The commanding officer of a soldier who died during SAS selection training in the Brecon Beacons has paid tribute to a "talented young man with a bright future ahead of him".
Lance Corporal Craig John Roberts collapsed on July 13 - one of the hottest days of the year - while climbing South Wales's highest mountain.
He was one of three soldiers who died after taking part in the exercise.
His funeral, with full military honours, is taking place at Holy Trinity Church in Llandudno, North Wales, today.
Speaking outside the church, Lieutenant Colonel Paul Morris, Commanding Officer 3rd Battalion, The Royal Anglican Regiment, said: "Craig was a talented young man with a bright future ahead of him, both as an army reservist and in his civilian life.
"Craig was the epitome of the can-do volunteer ethos."
Lt/Col Morris added: "Craig will be missed dearly by everyone who knew him; his family, his friends, his colleagues. We will miss him greatly and we will remember him."
L/Cpl Roberts, 24, of Penrhyn Bay, and Edward John Maher died while taking part in the aptitude training element of the course to become SAS reservists.
Corporal James Dunsby, 31, fell ill during the same training exercise and died two weeks later in hospital.
They were climbing Pen Y Fan, the highest mountain in southern Britain.
It is known as the location for the "Fan Dance" where soldiers hoping to join the special forces march over the mountain carrying a heavy pack and a rifle, then do the route in reverse in a set time.
L/Cpl Roberts joined the army in 2007 and served in UN operations in Cyprus and around the UK.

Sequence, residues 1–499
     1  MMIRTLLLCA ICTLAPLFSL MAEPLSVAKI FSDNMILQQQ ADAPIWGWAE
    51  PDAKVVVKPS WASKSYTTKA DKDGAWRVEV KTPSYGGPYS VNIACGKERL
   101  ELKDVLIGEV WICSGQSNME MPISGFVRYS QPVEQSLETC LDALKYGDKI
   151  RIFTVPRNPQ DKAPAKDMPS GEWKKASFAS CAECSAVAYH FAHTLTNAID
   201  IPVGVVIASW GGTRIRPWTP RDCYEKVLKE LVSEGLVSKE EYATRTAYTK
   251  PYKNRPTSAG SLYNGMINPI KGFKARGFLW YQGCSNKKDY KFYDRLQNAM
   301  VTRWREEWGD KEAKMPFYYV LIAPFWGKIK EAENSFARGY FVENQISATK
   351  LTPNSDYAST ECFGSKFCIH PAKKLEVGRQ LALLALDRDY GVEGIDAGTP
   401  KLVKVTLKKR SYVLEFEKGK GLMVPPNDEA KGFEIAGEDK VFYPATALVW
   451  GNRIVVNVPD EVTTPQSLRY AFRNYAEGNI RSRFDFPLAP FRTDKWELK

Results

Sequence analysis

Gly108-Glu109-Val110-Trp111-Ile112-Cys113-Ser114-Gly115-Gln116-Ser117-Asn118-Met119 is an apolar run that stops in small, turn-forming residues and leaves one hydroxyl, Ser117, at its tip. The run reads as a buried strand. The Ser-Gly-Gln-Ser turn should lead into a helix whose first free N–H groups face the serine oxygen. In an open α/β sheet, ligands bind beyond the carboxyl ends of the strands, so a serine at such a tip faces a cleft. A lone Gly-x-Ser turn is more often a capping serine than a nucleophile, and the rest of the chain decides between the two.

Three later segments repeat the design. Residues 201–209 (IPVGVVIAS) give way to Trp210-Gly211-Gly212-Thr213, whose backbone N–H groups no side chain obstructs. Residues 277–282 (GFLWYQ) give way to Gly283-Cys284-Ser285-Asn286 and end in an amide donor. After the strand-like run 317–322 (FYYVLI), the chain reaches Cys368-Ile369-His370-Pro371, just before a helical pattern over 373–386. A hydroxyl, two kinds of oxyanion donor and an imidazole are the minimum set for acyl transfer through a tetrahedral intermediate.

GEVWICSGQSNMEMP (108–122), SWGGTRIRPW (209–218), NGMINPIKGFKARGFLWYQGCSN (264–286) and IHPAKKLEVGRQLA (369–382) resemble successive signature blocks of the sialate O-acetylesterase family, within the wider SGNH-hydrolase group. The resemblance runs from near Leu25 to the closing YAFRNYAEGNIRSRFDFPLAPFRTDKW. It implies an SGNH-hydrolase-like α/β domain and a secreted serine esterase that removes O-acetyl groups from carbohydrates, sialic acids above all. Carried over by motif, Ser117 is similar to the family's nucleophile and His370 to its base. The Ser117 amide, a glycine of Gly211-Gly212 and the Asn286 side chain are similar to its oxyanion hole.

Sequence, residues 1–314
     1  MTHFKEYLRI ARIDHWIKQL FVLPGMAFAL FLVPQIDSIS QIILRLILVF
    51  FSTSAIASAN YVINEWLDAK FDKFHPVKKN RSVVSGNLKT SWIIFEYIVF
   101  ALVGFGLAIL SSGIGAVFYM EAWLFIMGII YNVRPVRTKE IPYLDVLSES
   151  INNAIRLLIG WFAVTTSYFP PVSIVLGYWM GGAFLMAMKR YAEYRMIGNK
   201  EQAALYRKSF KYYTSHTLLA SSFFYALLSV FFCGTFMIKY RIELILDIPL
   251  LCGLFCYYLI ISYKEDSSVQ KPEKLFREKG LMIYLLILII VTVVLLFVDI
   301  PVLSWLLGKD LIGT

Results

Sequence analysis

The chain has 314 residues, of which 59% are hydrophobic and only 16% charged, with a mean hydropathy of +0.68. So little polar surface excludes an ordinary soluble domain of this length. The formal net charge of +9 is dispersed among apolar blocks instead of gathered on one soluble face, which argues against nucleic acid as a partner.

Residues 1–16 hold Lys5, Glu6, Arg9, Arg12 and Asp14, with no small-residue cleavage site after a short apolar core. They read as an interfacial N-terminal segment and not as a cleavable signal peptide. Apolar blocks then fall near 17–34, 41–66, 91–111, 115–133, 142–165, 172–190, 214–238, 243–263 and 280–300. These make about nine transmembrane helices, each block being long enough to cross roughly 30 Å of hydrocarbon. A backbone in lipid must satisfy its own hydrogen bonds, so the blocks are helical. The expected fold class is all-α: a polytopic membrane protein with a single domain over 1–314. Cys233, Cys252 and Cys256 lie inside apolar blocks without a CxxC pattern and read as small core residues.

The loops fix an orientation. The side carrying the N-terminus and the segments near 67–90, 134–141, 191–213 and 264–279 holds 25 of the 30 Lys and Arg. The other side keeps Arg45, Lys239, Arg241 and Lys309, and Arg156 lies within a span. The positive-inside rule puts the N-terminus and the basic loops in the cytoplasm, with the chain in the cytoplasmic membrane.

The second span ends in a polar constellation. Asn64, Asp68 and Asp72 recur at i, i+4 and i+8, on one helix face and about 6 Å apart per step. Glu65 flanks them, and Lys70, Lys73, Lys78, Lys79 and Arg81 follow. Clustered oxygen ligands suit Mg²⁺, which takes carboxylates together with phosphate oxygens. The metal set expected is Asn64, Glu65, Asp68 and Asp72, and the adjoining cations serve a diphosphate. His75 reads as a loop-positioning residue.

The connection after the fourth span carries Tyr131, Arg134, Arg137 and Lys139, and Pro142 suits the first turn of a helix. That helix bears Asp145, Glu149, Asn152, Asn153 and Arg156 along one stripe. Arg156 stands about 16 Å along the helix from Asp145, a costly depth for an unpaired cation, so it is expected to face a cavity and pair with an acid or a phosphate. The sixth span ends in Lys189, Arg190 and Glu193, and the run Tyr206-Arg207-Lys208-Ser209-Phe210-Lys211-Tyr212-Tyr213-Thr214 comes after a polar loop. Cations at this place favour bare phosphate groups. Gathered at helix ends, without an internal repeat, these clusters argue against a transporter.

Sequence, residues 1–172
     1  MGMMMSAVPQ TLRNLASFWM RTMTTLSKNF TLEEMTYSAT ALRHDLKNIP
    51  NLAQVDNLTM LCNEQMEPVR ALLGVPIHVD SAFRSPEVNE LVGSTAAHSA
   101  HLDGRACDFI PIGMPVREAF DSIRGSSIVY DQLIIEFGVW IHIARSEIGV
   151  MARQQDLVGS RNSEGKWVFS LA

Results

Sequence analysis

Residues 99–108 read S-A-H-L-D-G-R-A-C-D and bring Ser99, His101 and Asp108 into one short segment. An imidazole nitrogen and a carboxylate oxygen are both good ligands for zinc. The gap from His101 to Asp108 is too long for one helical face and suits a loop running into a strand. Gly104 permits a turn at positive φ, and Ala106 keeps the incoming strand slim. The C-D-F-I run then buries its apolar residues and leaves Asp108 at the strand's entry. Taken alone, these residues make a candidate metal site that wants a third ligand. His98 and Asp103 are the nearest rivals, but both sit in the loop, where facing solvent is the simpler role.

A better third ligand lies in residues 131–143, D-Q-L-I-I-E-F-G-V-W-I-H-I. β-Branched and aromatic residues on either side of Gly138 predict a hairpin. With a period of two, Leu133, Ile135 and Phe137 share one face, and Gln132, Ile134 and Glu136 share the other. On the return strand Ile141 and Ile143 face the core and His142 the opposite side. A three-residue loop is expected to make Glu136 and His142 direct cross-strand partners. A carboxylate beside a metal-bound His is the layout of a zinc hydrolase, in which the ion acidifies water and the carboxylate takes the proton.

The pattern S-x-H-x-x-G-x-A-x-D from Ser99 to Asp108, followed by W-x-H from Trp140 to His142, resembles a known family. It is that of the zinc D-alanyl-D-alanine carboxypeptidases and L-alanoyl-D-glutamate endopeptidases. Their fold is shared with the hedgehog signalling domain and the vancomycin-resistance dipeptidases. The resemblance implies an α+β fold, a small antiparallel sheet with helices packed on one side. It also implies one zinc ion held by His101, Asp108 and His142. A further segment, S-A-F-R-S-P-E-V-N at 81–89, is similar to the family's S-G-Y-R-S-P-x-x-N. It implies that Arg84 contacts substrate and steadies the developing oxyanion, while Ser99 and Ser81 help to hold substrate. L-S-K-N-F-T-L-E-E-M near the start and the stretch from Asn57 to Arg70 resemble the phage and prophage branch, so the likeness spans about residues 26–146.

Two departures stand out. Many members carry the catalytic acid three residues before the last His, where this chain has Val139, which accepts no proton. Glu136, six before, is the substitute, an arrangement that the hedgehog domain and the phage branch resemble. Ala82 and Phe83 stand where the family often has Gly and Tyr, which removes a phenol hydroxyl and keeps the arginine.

The former teaching assistant lived in London and had been due to start a job in the office of the Secretary of State for Education.
The funeral will be followed by a private cremation service for close family and friends at Colwyn Bay Crematorium.
Around 100 members of the public stood outside the church and clapped as the funeral cortege approached.
L/Cpl Roberts' coffin was draped in a Union Flag.
Members of his family, including his parents Kelvin and Margaret, aged 53 and 54, stood outside the entrance of the church and watched as the coffin was carried in.
His mother and father stood linking arms as they struggled to contain their emotions.
Emotional tributes were paid by Major Mark Bevin, from the East Midlands Universities Officers Training Corps, and by four of L/Cpl Roberts' closest friends.
Mr Bevin said he was a man of "integrity" and a "role model" for the younger cadets in his platoon.
He said he would be "sorely missed", adding: "We are stronger and better people for knowing him and we can assure you that he will never be forgotten."
Friend Richard Falconer said L/Cpl Roberts was "on a quest for perfection".
"His main aim in life was not to accumulate wealth or power but simply to become the ultimate man."
He said his friend was "optimistic, relentless and determined to succeed".
He added: "Craig Roberts was simply the best man I have ever known."